Australian minister hints Saudi teen likely to get asylum

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As public pressure heightened, an Australian minister appeared to go beyond Canberra's initial bureaucratic promise to consider her case if and when United Nations experts judge her fear of mistreatment justified.

Ms Mohammed al-Qunun's case echoes that of another Saudi woman who was in transit to Australia in April 2017.

The woman fled from her family and expressed fears for her own life.

The UN's refugee agency said on Tuesday it was investigating the case of the teenager.

In a Twitter update on Wednesday, Ms al-Qunun thanked her 107,000 followers for their "support in my hard psychological situation" and said that she had "regained my strength" after a dramatic few days.

The Australian embassy had contacted the Thai government and the UNHCR's Bangkok office to confirm Ms Alqunun could access the refugee process.

"It would have been better if they had confiscated her mobile instead of her passport".

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Australia national broadcaster ABC reported that the country's Home Affairs Department announced late Tuesday that it would consider Alqunun's application for asylum if she was found to be a genuine refugee, and called on the Thai authorities and UNHCR to assess her claim as quickly as possible.

The teen wrote of being in "real danger" if she is forced to return to her family, posting a copy of her passport to prove her identity.

But Rahaf Mohammed al-Qunun's father and brother would have to wait and see whether the United Nations refugee agency would allow them to see her, immigration chief Surachate Hakpan said.

"The government will be making no further comment on this matter".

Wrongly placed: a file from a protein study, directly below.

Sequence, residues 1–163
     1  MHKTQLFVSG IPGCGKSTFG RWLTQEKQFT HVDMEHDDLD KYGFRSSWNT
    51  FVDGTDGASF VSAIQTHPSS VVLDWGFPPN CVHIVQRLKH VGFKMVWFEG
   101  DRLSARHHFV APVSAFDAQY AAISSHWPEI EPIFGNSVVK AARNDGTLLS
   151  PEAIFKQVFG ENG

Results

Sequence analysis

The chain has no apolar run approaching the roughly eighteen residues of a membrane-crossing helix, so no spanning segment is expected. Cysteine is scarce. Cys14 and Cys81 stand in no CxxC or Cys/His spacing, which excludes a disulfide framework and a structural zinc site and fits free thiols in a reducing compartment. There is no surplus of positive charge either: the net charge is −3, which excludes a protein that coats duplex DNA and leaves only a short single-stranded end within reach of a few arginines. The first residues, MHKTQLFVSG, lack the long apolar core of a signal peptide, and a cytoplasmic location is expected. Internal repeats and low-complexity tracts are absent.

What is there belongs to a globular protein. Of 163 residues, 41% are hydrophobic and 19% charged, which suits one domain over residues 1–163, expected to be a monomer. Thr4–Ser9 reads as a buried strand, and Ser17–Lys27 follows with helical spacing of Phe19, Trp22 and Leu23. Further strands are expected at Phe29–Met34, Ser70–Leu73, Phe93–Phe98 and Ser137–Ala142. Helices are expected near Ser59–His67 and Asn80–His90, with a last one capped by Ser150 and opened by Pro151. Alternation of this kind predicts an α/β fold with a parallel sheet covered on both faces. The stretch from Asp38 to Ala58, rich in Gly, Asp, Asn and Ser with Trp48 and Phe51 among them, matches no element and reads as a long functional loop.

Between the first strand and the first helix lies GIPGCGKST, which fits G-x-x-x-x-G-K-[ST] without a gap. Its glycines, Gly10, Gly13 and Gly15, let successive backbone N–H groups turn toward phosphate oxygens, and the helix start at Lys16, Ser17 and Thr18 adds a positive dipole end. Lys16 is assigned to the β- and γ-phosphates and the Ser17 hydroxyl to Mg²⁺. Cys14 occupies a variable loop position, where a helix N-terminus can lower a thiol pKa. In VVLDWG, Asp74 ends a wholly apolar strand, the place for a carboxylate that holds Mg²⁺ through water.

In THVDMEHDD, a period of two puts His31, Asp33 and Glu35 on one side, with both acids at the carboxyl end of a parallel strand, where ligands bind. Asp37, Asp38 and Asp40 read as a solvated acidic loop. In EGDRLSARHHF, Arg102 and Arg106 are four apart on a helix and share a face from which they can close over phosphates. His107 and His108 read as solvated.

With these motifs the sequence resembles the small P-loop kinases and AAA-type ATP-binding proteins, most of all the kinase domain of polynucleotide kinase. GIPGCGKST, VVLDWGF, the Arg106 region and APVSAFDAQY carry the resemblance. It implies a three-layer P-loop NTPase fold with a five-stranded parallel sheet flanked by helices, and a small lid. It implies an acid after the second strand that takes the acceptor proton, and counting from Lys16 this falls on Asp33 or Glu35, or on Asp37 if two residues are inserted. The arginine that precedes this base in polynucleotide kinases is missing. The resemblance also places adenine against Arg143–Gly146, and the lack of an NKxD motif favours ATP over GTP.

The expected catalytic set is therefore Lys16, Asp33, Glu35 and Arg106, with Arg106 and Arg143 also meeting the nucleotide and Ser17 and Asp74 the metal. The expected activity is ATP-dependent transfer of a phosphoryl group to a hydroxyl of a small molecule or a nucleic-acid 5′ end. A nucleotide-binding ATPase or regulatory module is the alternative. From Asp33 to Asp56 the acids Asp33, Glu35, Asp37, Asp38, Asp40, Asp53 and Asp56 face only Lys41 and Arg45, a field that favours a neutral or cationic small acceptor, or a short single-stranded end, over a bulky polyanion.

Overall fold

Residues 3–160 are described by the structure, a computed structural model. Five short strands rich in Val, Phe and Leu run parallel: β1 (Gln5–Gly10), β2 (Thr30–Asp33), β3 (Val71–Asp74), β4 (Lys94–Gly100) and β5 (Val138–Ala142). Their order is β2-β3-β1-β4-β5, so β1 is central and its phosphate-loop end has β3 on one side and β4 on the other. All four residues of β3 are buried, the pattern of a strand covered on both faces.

"We have no idea what he is going to do", he said.

Ms Al-Qunun's Twitter account has attracted tens of thousands of followers in less than 48 hours and her story grabbed the attention of governments, activists and well-known figures all over the world.

Thailand is not a signatory to the UN Refugee Convention and provides no legal protection to asylum seekers, although there are more than 100,000 refugees in the country.

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Thailand's immigration police chief, Major General Surachate Hakparn, told reporters today that Saudi diplomats told him they are satisfied with how her case had been handled.

Global pressure has mounted on Thai authorities to keep Alqunun safe and to ensure she isn't forcibly returned to the Saudi kingdom, which has been subject to worldwide condemnation over the killing of Washington Post writer Jamal Khashoggi at a Saudi consulate in Turkey.

"He wanted to make sure that his daughter was safe. he told me that he wanted to take her home", he said, adding that her father denied Ms Alqunun's allegation that her family was abusing her physically and emotionally.

Saudi Arabia enforces male guardianship laws, which require that women, regardless of age, have the consent of a male relative - usually a father or husband - to travel, obtain a passport or marry. So while on vacation in Kuwait, Alqunun slipped away from her family and tried to fly to Australia through Thailand. It said the embassy is not communicating with the teenager, but is communicating with Thai authorities.

On Sunday Qunun told AFP her family was "abusive" and once locked her in a room for six months just for cutting her hair.

In some cases, Saudi authorities were involved in forcing women to return to their families and in other cases, local authorities suspected the women of seeking asylum and deported them, the activist said. In the meantime, her al-Qunun has asked that the media and public continue to pressure officials to follow-through on securing her asylum.

Saudi Arabia's human rights record has come under intense scrutiny since the killing of Saudi writer Jamal Khashoggi in October.

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